On Sunday, leaders of civil society groups and opposition parties in Telangana went into hiding. The reason: A proposed “capture” of Dharna Chowk scheduled for Monday. The police was yet to give permission for the protest that was against the state government’s decision to move Hyderabad’s version of Jantar Mantar to the city’s outskirts.
The last time the groups led by Telangana Joint Action Committee chief M Kodandaram attempted a protest, the government denied permission and police even broke down Kodandaram’s door in the wee hours of the day to detain him. So the leaders chose to lie low.
On Monday, all the opposition parties joined hands with Kodandaram to lay siege to Dharna Chowk. The police hastily gave permission even as a Left leader was injured in a clash. At the site, reporters noticed ruling TRS members and even police claiming to oppose the protest on behalf of residents who wanted Dharna Chowk shifted out, even as some residents gave protesters water through the day.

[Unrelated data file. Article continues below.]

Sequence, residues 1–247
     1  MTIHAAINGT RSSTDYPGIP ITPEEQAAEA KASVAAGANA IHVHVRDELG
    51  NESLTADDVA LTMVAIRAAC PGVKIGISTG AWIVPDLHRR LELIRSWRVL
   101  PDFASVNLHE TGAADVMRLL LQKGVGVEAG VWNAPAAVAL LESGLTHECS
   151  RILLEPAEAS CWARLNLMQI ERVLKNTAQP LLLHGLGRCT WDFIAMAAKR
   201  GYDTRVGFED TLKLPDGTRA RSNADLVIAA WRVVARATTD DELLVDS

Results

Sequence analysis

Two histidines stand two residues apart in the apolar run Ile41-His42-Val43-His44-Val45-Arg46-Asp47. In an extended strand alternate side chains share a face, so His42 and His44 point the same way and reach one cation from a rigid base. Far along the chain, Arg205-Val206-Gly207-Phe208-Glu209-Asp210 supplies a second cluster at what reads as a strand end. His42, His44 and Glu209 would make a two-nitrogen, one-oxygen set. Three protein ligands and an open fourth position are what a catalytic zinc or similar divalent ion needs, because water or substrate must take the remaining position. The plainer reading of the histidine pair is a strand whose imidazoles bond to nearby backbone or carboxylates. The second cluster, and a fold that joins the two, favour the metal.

The irony, of course, is that the state is run by a party that itself fought for a separate Telangana, alongside people like Kodandaram, from the very Dharna Chowk it wants to shift.
This is not the first time the government has tried to use a sledgehammer to swat a fly. Another example was the level of security at the recent inaugural event of Osmania University’s centenary celebrations. Security at OU, the bedrock of the Telangana movement and the CM’s alma mater, was tightened.
Guests and students were even subjected to biometric scans and student leaders detained to ensure no black flags marred the function. Monday’s events are the latest sign of the TRS’s deep discomfort with the democratic processes—including the right to dissent—that swept it into power in the first place.
The government seems not to understand that engagement with dissent may be a mutually beneficial strategy than the inclination to crush it, which can only lead to more anger and discontent.